47 Pages Posted: 2 Oct 2012
Date Written: August 24, 2012
Snyder v. Phelps presented the Supreme Court with a shocking set of facts leading to a result that surprised some and confused many. On a more unsettling note, it showed that existing First Amendment doctrine has difficulty addressing prophetic speakers as they are. Prophetic rhetoric is a unique speech category that warrants nuanced consideration due to its sui generis nature. Seven characteristics of prophetic speech undermine assumptions usually taken to hold true in the Court’s free speech jurisprudence. The law as it currently exists can only address prophetic speech as some variant of a known problem, but it is not like the social commentary in Hustler Magazine Inc. v. Falwell, nor is it like the generalized obscenity in Cohen v. California. Indeed, because it sits at the intersection of symbolic speech and threatening speech, it may be more like the burning cross in Virginia v. Black. Prophecy carries an undercurrent of threat, and only a more nuanced understanding of prophetic speech would allow a court to determine whether it crossed the line to a true threat. The best response would be to expose prophetic speakers to potential tort liability, but also to more nuanced understanding. This sort of measured response would preserve the message, punish only the most harmful instances, and reduce the chilling effect of tort exposure.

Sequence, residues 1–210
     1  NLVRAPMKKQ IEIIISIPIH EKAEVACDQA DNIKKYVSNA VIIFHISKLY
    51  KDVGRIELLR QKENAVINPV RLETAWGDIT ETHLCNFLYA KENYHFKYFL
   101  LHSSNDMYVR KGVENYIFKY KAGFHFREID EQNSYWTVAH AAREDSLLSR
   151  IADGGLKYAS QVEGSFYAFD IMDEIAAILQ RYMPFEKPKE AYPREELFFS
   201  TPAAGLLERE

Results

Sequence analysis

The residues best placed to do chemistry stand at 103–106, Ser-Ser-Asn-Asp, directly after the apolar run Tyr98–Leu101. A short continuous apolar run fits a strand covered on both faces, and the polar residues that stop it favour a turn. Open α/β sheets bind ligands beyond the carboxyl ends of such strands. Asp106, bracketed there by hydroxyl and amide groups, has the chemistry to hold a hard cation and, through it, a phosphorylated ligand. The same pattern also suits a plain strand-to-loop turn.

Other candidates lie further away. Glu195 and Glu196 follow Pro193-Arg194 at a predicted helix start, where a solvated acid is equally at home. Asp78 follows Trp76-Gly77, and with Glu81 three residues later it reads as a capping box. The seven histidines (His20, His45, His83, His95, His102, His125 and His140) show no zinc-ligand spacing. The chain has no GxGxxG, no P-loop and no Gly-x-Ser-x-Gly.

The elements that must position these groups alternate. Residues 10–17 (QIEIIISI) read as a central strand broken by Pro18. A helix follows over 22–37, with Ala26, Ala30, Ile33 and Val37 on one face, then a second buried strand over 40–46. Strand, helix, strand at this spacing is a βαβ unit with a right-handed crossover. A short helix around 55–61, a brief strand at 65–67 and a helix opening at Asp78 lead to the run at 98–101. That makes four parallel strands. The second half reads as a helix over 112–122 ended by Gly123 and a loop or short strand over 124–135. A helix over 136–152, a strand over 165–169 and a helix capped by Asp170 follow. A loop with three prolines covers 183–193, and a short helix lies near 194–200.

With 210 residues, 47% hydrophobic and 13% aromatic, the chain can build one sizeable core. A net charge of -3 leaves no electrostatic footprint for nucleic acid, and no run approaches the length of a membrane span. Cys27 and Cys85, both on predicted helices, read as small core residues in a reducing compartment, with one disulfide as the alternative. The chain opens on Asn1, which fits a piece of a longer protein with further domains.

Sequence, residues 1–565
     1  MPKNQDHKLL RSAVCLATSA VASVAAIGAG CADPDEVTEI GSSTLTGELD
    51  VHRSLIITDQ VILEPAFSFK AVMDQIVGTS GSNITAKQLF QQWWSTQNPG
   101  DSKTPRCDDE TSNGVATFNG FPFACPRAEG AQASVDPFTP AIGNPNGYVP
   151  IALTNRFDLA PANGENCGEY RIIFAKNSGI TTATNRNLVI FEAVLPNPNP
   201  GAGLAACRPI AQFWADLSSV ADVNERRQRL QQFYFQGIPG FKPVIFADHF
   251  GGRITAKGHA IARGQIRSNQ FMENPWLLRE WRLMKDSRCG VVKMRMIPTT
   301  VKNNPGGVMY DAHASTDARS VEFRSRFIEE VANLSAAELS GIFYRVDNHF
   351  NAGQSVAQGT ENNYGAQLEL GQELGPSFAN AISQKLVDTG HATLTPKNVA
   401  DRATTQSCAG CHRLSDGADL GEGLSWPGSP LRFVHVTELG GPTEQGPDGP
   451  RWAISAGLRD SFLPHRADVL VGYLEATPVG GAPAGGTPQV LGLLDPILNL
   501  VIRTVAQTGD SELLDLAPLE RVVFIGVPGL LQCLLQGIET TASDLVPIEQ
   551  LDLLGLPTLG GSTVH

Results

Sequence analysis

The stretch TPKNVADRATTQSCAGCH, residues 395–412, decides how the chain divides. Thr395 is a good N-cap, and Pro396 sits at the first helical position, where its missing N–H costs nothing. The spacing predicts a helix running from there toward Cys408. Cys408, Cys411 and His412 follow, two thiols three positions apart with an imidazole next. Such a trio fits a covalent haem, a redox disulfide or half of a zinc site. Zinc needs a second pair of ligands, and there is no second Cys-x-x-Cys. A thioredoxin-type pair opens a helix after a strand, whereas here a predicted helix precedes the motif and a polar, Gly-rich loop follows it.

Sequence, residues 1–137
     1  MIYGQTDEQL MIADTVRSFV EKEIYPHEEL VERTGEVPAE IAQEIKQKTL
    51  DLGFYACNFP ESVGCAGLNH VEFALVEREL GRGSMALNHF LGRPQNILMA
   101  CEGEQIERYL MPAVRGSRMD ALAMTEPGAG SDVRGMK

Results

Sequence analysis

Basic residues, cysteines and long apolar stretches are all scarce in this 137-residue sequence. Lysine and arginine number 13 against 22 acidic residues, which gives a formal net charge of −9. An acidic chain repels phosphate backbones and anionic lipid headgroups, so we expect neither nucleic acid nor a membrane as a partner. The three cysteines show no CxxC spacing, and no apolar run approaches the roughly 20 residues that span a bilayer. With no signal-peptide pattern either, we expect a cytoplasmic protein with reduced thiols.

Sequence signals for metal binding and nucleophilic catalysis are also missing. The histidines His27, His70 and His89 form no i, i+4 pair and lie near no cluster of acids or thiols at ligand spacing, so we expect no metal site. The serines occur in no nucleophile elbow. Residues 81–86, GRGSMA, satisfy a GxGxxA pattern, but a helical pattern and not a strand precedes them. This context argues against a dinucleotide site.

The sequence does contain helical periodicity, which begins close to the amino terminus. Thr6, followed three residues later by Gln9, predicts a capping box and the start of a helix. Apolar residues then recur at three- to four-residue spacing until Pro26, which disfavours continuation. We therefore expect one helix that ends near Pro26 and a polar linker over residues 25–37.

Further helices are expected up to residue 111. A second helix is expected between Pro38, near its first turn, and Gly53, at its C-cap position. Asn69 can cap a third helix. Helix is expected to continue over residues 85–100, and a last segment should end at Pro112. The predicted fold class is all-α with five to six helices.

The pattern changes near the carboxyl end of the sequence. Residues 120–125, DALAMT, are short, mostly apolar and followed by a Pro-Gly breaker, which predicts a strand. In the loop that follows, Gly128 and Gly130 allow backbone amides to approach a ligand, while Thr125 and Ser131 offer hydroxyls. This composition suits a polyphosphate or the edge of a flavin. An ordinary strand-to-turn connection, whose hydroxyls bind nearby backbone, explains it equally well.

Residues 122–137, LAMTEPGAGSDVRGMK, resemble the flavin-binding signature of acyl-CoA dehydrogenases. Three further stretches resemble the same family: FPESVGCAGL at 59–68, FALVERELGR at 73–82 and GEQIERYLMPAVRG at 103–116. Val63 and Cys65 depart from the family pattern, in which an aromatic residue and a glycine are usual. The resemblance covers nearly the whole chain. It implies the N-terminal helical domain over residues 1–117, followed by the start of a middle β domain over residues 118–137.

Keywords: First Amendment, religion, Free Speech
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